Daddy Daughter Digital Drawing Time has yielded yet another Tiny Titan! This time the kiddo drew Robin. 
[Photoshop CS5, Wacom Cintiq 21UX]

Daddy Daughter Digital Drawing Time has yielded yet another Tiny Titan! This time the kiddo drew Robin. 

[Photoshop CS5, Wacom Cintiq 21UX]

Daddy/Daughter Digital Drawing Time has yielded yet another Tiny Titan. This time it’s Batgirl. 
My favorite part about this process is getting to share something I love with my daughter and seeing her enthusiasm grow for it each day. She takes instruction incredibly well, but I’m working hard not to “correct” every little thing she does. I’m not trying to clone myself. I want her to make her own art mistakes and develop her own style, but I LOVE sharing tips and tricks with her that took me years if not decades to learn. I talk her through the construction of the characters using basic shapes one day and the next day she is pointing out the shapes that make up our next subject. I am teaching her how to look at something and break it apart into replicable lines. I’ve always thought the main difference in being able to draw and being able to draw well (besides practice) was knowing how to look at things properly. When you can see a thing for it’s component parts, as well as for the whole you can break it down in your mind into easily drawable chunks. 
Batgirl was a particular challenge compared to the previous DDDDT subjects since the reference image she chose has Batgirl in a non-standard pose. She struggled a bit with the arms since she is used to drawing them at the sides of the body, but I was very proud of how she thought through the lines and how the intersected and overlapped with each other. By the time this kid is 10 she’s going to be able to draw like I was when I was 20. Excited proud dad is pretty exited and proud. 
I’ve always felt jilted that my parents didn’t have any particular skills or interests that they could pass down to me. Or rather that they WANTED to pass down to me. My father just wasn’t interested in me at all and my mother was preoccupied with all the things people get preoccupied with. I’ve always felt that people are truly defined by their hobbies and interests. What’s the one thing you would do if you never had to worry about money again? That’s you. That’s what you have to offer. As a parent I feel like it’s my obligation and privilege to share the things I love with my daughter.
I’m sure some day her interests will diverge completely from mine. I don’t expect her to be an artist or musician. I just want her to know what I think is important. I want her to see the way in which I enjoy the things I enjoy. I want her to know what it is to love an activity, a place, a group, a shared idea, so that when she starts trying to figure out who she wants to be she will have an easier time than I did. Though, if in the end she decides she wants to make comics… I can’t say that will bother me.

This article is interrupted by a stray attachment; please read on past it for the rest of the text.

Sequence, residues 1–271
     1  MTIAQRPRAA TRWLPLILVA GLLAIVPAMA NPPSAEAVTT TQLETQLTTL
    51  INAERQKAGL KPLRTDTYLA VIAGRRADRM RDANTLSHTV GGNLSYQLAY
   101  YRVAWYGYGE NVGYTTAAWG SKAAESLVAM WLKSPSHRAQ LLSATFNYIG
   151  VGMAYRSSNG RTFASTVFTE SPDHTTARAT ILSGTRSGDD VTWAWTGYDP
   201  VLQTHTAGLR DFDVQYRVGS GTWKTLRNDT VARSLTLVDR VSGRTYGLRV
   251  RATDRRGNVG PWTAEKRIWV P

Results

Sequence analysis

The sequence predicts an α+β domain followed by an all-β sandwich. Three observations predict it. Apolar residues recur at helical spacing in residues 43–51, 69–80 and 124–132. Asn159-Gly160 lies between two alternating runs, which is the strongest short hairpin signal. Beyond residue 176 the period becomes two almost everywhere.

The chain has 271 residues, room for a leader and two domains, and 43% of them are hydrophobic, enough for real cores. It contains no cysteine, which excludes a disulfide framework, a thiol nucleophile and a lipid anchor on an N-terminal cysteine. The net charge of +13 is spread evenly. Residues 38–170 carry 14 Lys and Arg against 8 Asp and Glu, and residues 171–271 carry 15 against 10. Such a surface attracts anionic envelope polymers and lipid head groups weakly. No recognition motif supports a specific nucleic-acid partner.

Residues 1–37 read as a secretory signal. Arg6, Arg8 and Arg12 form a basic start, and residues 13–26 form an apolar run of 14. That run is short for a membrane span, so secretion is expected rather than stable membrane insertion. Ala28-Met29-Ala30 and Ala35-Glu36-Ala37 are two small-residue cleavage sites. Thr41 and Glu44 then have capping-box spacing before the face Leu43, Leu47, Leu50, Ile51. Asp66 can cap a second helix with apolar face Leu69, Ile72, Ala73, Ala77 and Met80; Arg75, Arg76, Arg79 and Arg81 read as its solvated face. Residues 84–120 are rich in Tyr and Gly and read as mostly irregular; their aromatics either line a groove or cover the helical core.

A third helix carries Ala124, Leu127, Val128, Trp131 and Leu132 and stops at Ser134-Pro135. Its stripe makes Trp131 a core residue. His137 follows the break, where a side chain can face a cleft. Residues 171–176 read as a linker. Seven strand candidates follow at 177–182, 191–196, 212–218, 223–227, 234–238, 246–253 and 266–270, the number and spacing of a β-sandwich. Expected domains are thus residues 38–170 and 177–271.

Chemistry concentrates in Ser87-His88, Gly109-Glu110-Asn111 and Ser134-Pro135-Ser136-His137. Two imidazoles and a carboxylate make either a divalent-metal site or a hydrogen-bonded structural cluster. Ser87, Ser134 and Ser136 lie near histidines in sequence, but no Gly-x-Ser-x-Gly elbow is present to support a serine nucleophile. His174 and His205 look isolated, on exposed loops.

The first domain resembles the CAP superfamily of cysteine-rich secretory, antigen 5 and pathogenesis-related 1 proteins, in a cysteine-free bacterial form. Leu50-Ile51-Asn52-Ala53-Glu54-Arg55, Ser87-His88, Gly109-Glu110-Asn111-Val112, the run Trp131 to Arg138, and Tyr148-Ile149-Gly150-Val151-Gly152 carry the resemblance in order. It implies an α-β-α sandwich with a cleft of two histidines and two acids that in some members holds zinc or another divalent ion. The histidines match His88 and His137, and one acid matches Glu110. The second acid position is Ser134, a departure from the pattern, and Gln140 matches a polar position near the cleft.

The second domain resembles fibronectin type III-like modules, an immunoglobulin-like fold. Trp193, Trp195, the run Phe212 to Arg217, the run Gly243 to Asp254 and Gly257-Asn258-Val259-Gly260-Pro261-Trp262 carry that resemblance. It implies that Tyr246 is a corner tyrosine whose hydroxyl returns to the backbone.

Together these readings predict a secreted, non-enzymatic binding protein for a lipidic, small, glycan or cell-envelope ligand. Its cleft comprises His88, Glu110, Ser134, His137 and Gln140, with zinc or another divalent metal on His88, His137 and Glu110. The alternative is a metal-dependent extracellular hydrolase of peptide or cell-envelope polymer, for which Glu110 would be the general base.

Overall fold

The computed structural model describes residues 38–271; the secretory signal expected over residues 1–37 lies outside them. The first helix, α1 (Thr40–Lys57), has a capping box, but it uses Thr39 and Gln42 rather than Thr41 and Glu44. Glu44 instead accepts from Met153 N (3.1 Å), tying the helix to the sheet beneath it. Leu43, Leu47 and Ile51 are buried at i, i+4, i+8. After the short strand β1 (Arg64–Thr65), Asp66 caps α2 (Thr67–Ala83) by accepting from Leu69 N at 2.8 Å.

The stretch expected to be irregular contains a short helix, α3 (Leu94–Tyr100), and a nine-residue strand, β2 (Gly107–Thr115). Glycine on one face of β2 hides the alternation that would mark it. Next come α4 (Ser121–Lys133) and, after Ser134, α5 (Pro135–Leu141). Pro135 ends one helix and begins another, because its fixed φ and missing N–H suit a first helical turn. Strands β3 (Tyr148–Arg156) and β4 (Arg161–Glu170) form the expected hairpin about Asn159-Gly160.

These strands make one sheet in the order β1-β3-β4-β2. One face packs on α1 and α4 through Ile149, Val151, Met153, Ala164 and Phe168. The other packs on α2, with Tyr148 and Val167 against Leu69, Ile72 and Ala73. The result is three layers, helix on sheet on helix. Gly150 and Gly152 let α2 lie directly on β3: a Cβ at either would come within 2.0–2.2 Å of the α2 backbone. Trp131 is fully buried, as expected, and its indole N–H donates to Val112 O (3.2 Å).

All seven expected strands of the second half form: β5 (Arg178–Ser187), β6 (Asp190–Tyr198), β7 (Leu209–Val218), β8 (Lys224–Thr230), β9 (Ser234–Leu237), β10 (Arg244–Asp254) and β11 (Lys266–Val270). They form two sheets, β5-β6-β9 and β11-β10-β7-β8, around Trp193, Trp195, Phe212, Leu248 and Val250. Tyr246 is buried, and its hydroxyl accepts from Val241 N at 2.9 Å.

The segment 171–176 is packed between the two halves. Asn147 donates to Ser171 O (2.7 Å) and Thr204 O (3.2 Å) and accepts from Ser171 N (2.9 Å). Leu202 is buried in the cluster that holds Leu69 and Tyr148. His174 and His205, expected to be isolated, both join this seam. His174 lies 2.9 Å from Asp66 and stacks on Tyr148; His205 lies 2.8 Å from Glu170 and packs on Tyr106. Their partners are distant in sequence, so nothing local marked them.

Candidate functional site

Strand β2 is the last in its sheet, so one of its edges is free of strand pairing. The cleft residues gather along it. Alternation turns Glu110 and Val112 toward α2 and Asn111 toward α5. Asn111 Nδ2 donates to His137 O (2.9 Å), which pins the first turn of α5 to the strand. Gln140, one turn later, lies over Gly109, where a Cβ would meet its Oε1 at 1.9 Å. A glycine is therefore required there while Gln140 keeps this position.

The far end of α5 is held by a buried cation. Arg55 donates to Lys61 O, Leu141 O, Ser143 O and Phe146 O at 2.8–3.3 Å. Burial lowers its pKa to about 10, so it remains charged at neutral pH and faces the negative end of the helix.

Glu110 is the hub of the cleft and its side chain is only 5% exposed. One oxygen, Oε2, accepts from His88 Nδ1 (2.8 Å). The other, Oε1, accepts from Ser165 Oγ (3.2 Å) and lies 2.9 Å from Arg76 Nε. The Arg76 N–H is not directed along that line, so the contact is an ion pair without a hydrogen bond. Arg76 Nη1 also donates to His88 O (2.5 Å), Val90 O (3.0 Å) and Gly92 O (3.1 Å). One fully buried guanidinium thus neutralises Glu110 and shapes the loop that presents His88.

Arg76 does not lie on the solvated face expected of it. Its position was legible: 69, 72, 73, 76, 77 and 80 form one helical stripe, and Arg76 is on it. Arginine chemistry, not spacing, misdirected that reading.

Daddy/Daughter Digital Drawing Time has yielded yet another Tiny Titan. This time it’s Batgirl. 

My favorite part about this process is getting to share something I love with my daughter and seeing her enthusiasm grow for it each day. She takes instruction incredibly well, but I’m working hard not to “correct” every little thing she does. I’m not trying to clone myself. I want her to make her own art mistakes and develop her own style, but I LOVE sharing tips and tricks with her that took me years if not decades to learn. I talk her through the construction of the characters using basic shapes one day and the next day she is pointing out the shapes that make up our next subject. I am teaching her how to look at something and break it apart into replicable lines. I’ve always thought the main difference in being able to draw and being able to draw well (besides practice) was knowing how to look at things properly. When you can see a thing for it’s component parts, as well as for the whole you can break it down in your mind into easily drawable chunks. 

Batgirl was a particular challenge compared to the previous DDDDT subjects since the reference image she chose has Batgirl in a non-standard pose. She struggled a bit with the arms since she is used to drawing them at the sides of the body, but I was very proud of how she thought through the lines and how the intersected and overlapped with each other. By the time this kid is 10 she’s going to be able to draw like I was when I was 20. Excited proud dad is pretty exited and proud. 

I’ve always felt jilted that my parents didn’t have any particular skills or interests that they could pass down to me. Or rather that they WANTED to pass down to me. My father just wasn’t interested in me at all and my mother was preoccupied with all the things people get preoccupied with. I’ve always felt that people are truly defined by their hobbies and interests. What’s the one thing you would do if you never had to worry about money again? That’s you. That’s what you have to offer. As a parent I feel like it’s my obligation and privilege to share the things I love with my daughter.

I’m sure some day her interests will diverge completely from mine. I don’t expect her to be an artist or musician. I just want her to know what I think is important. I want her to see the way in which I enjoy the things I enjoy. I want her to know what it is to love an activity, a place, a group, a shared idea, so that when she starts trying to figure out who she wants to be she will have an easier time than I did. Though, if in the end she decides she wants to make comics… I can’t say that will bother me.